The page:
Tomato Growing – 8 Do’s and 5 Don’ts

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Over time we all learn tips and tricks which help us grow our vegetables, color gardens, landscape and even the lawn.

Little things like don’t plant unless the soil is above X degrees. Tomatoes have their “tricks” as well.

Don’t

Buy seedlings that are already flowering. You might believe you’ll be one step ahead. But… plant first need to get their roots firmly established before flowering and producing fruits. Let them start and flower in your garden.

Do

Pinch the first flowers of budding plants. It might sound ridiculous, but you’ll get greater yields by pruning tomatoes in the long run.

Don’t

Over fertilize your crops. The majority of the people think that by adding more fertilizer, you’ll double or increase yields in the same proportion.

Too much fertilizer will lead to more foliage and wonderful bushes. The plants will look healthy but unproductive.

If you want to enrich your soil, use more compost; not fertilizer addition. Same applies for your peppers

Do

Add a bit of Epsom salt. Tomatoes do well when Epsom salt is added to their roots, and if they don’t need it, it will cause no harm. It’s good to take preventive measures so as to ensure healthier plants.

Do

Plant your seedlings deep. It’s often called “Planting up to their necks.”

This enables plants to grow a strong root system; the better the roots and root system, the more yields you’ll get because of more nutrients and water intake

Don’t

Water your tomatoes from the above, if possible. Watering them from above will make the soil splash up on the stems, thereby making them susceptible to diseases.

Use the dripping system or soaker hose whenever you want to water your tomatoes.

Do

Mulch your tomatoes, especially when you’re using overhead irrigation system.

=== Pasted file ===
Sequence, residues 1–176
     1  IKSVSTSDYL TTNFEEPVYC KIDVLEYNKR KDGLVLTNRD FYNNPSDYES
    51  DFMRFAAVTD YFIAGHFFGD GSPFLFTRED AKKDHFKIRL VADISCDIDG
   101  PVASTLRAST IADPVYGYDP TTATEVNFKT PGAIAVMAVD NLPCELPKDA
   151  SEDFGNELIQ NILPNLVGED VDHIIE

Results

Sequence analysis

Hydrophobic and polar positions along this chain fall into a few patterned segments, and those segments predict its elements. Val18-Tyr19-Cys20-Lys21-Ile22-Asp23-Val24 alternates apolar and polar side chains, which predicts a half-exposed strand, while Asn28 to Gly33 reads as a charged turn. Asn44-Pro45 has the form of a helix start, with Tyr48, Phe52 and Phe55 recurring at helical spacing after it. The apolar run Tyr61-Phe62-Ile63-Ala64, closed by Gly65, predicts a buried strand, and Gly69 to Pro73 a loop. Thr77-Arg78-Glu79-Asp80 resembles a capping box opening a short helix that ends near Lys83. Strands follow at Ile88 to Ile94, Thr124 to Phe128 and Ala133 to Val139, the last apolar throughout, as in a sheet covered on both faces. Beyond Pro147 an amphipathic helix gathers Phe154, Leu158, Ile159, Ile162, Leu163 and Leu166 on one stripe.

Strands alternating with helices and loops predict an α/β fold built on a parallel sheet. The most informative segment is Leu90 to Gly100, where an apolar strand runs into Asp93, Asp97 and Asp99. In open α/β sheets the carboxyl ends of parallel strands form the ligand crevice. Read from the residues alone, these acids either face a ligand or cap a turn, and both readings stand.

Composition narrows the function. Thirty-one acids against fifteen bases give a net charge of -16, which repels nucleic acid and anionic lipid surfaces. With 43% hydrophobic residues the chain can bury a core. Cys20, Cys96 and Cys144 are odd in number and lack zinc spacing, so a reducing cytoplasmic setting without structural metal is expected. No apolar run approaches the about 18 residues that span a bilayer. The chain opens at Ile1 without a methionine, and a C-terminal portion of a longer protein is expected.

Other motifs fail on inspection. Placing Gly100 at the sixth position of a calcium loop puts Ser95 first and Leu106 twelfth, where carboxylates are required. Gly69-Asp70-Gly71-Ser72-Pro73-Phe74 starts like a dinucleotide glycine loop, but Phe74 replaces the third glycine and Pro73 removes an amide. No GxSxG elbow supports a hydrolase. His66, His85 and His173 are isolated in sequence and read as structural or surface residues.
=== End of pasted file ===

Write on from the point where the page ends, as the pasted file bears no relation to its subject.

This will help to prevent the soil from splashing on the tomato stems as well as keeping the soil around the tomato plant moist.

Do

Stake your tomato plants. Tomato cages are a popular and easy way to increase yield, reduce disease and make caring for them easier.

Do

Know the type of the tomato that you’re growing. Understand that planting “determinate type” of tomatoes might stop producing fruits suddenly.

 

Don’t

Stress over having too many tomatoes! If you’re having tomatoes in plenty or concerned about the fruit flies invading your kitchen because of the influx of the tomatoes?

Simply wash a good number and store them in the freezer. Defrost them after some time. You’ll see the tomatoes skin slipping off.

Do

Plant several tomato varieties if you have ample space for them; Plum and Roma’s tomatoes are the best varieties for preserving and slicing for fresh eating.

Cherry tomatoes are ideal for snacking. I love the “ugly” tomato for putting on a sandwich. Plant your tomatoes having known the intention of your planting

Don’t

Transplant your tomatoes outside before the soil temperature hits 50F.

The soil temperature is determined by how close the sun is, the amount of sunshine the area receives, and the depth of the sun warmth.

The top soil can feel warm, but 6 inches from the surface still feel cold. You can plant the tomatoes when the overnight lows are reliably above 50F.

It will still work, but it’s best to wait when the soil temperature is above 50F.

Do

Speed the growing and maturing of your tomatoes by covering the area with a black plastic and tilling the soil around often.

If you plant early in the season, keep the tomatoes warm by using the cloches.

Do

Canning jars can still keep plants warm on cool evenings. But, don’t let the plants get fried by the heat. Canning jars can only be used when the fruits are still young and green.

Filed Under: LG, Tomato, z-007

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